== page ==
When we arrived back, we found one of the cars that had brought the other students and we asked them to take us to the pizza shop one last time!  No one else wanted anything but a soda after the long bike ride, but I loved the pizza so much and hated packed lunches enough that I was all for getting the last pizza here!  When we all finished up, we took our picture with the owner of the pizza point that was so welcoming to us throughout all of DR.  I hate saying goodbye to everyone here, but I am so happy to have had the chance to meet so many people in so many different areas.  We somehow managed to get a ride back into the main part of town and went back into the market to look for any last minute things that we wanted to take home with us.  After learning about all of the different kinds of wood they use in the wood carvings, I was on a hunt for a small wood carving of an elephant made of rosewood because I love the color of it.  I finally found one I liked and managed to trade one of my flashlights for it with barely any problems!  I was pretty happy with that trade!  Then I realized how badly I wanted the painting I had seen earlier in the factory.  We somehow managed to make our way back with the help of one of the local guys that try to sell us necklaces, and I bought the painting at a great price and was soooo happy that I was finally able to get it.  Now I just need to find a place to hang them when I get home.

After leaving town on a good note, I got back and drank tons of water because of the heat that day and then walked down to the t-shirt shack in Rhotia.  I have really wanted this awesome shirt that I saw some of the staff wearing in Kenya, so I finally just decided to buy it.  I even found this awesome little blue change purse that is covered in guineafowl, probably one of the most awkward birds in this area.  I still love them though, and where else would I ever find a change purse with them on it!?!  It was such a great day I was so happy to go to bed early and rest my aching butt and muscles from the bike ride.  I loved it so much though, and just like the hike near the end of our time in Kenya, this was a great way to start wrapping things up in Tanzania!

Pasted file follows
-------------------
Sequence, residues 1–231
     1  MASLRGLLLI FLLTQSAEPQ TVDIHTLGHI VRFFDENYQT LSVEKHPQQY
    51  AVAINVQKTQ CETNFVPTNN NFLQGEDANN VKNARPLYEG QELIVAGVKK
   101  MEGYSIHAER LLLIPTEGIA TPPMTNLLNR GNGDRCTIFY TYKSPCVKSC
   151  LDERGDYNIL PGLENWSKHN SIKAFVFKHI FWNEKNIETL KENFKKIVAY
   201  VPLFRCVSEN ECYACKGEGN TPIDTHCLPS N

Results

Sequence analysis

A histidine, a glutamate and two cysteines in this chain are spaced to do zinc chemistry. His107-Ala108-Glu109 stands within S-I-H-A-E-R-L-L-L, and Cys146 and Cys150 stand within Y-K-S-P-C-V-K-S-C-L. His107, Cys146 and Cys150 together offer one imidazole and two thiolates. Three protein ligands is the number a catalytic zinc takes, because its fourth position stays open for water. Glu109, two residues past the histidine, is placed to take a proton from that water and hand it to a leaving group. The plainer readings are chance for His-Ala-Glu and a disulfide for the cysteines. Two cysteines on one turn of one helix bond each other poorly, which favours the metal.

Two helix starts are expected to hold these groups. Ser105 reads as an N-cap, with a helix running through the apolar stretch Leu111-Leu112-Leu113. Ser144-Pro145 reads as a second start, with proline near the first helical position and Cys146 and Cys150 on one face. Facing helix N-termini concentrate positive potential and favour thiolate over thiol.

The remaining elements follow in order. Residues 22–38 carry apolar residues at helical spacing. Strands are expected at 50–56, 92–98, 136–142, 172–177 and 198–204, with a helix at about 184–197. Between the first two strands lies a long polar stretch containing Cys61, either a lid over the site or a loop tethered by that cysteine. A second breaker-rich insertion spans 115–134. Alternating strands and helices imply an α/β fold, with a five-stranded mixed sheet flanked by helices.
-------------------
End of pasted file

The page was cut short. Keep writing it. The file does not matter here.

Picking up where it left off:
The next couple of days were once again dedicated to finishing up everything related to DR, including our papers and our final presentations that we would be giving to both the community and our professors.  The first day, we got our papers back and talked to Christian about what needed to be fixed, but after that, a majority of us decided to take another day off.  I slept all morning to keep recovering from the hot and tiring day before and having cook crew so early that morning.  After lunch, we worked on this giant 1000 piece puzzle of random flowers.  I don’t know what it is about puzzles, but when you are avoiding doing other work, they seem like they are one of the most fun things in the world.  I literally couldn’t stop until it was done and everyone else was in exactly the same boat!!!  That day, we also went on a walk to the tailors to pick some things up that other people had made.  We were also looking for somewhere that sells bows and arrows because a lot of people wanted to take one home with them.